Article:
In Memory of Past Club Members


Kent Orcutt, 2007


Dieter E. Hiersig, 2005


Nita Moore, 2005


Harold L. Trammel, 2004


Allen T. Flentge, 2003
FlentgeAllen-210pxAllen and his wife Beverly joined the club in the early 90’s. There were excellent modelers and very active in all aspects of the club.

Allen served as Club President in 1990 and 1992 and as Vice President in 1991.

Allen and Beverly travelled together to and photographed the Rio Grande River Valley. On their return, they modeled the Texas-Mexican Railroad complete with engines and passenger cars.

They were both tragically killed in an automobile accident. Their sudden loss was a shock to all that knew them and they are sorely missed.

 

 


Beverly T. Flentge, 2003FlentgeBeverly-210px

Beverly and her husband Allen joined the club in the early 90’s. There were excellent modelers and very active in all aspects of the club.

She served as club Secretary in 1989 and 1990 and as Train Show Co-coordinator in 1991.

Beverly created a beautiful farm scene for one of the club’s corner modules. She and Allen travelled together to and photographed the Rio Grande River Valley. On their return, they modeled the Texas-Mexican Railroad complete with engines and passenger cars.

They were both tragically killed in an automobile accident. Their sudden loss was a shock to all that knew them and they are sorely missed.

 

 


Dr. James C. Moore, 1997
Dr. Moore was a physician at the Veteran’s Administration Hospital in Temple, Texas. He was a true model train collector and owned some very nice Lionel trains. His knowledge of model railroading was an asset to the club. He helped the club meet many other train collectors. His expertise and experience are sorely missed by the club.

 


Agnes B. Hansbearry, 1996
Hansbearry-210pxAgnes and Ernie Hansbearry were both elderly when they joined CentraMod. She was always at Ernie’s side and helped him with his model railroading. They loved trolley cars and she and Ernie created an award winning trolley module that was part of the CentraMod layout.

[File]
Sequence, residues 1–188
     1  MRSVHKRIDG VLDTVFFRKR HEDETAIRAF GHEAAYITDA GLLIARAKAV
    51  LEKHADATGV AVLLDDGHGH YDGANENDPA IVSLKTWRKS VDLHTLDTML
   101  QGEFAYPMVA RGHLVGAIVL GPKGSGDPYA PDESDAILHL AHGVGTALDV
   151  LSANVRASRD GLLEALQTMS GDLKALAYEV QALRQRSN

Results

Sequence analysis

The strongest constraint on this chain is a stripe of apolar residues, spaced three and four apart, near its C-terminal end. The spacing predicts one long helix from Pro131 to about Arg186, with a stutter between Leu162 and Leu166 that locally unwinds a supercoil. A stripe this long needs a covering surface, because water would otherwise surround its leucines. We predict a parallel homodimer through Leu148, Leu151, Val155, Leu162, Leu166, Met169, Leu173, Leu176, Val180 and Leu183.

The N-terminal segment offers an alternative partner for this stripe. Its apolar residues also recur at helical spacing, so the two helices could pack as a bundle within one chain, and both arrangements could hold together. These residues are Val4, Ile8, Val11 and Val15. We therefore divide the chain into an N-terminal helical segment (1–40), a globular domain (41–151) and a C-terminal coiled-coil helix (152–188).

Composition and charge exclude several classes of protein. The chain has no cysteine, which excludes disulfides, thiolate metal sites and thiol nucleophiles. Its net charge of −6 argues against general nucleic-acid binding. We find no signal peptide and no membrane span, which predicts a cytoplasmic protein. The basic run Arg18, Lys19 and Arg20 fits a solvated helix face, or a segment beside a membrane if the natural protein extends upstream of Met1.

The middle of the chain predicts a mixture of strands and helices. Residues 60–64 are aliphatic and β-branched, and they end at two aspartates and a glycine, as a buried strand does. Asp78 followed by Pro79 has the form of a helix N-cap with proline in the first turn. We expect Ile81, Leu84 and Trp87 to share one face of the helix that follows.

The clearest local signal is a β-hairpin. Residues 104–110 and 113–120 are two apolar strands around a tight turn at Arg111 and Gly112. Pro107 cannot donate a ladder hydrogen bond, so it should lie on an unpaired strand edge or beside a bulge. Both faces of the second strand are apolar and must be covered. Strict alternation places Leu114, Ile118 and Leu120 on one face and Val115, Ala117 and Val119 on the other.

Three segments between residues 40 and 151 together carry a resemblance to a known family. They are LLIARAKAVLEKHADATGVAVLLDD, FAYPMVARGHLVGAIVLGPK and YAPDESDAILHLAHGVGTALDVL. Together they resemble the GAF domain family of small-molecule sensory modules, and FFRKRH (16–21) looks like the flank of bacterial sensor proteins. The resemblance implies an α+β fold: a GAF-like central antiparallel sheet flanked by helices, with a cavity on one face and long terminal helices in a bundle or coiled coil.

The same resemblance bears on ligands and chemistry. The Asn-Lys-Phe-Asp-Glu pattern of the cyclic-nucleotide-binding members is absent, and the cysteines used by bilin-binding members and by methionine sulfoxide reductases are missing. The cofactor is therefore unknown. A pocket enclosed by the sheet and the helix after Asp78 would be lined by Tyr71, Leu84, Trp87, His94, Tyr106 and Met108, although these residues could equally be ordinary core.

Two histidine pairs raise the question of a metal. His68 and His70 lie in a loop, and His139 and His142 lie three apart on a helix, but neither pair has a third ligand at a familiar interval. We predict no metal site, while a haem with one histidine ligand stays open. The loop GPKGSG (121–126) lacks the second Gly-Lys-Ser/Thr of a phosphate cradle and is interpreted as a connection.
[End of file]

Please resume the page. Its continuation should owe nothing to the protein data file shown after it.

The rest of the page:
She and Ernie always made the out of town train shows that the club attended as long as they could catch a ride with other members. Many times their daughter, Joyce, would either take them to the out of town shows or meet them at the show.

Agnes was very cordial and always helped the other ladies of the club with refreshments or whatever they were planning. Her life was a blessing to everyone that knew her.

Agnes and Ernie are pictured here with Ed Neill in the background.

 


Harold D. Adams, 1995
Adams-188pxHarold and his wife Ann were charter members of the Club. Harold was a World War II veteran and served as a member of a B-25 bomber flight crew on various combat missions. After the war, he signed on with the Missouri Pacific Railroad as a mail car clerk.

He was a loyal railroad employee and loved trains and model railroading. Naturally, he modeled Missouri Pacific. He was always looking for models of the Texas Eagle passenger train. Most hobby shops only carried the Colorado Eagle, but he was insistent on getting only the Texas Eagle.

Harold was easy going and easy to talk with. He had a happy personality and was so glad to see a train club being started in Temple, Texas. He was always eager to help out at the Temple Train Show and enjoyed helping the dealers and visiting layouts set up.

He had a layout in his garage and invited the club to his home for meetings in Troy, Texas. Located next to the Missouri, Kansas, and Texas Railroad line that ran between Waco and Temple, Texas, every time a train whistled during a meeting, everyone would run outside to see the train go by.

Harold was a real asset to the club and is missed by all that knew him.

 


John R. Vanhorn, 1988
Vanhorn-210pxJohn was a charter member of CentraMod and joined the club in his seventies. He and Harold Adams were good friends and shared the hobby of model railroading together before joining the club.

He retired from the Air Force, and while a very quiet spoken man, he was also very friendly. His health was not good and he walked with a cane. Nevertheless, this did not deter him from doing all he could for the club. He was always at all the meetings and events he was able to make.

Illness claimed John’s life a short time later so a lot of the club members never got to know him. We lost a fine railroad modeler.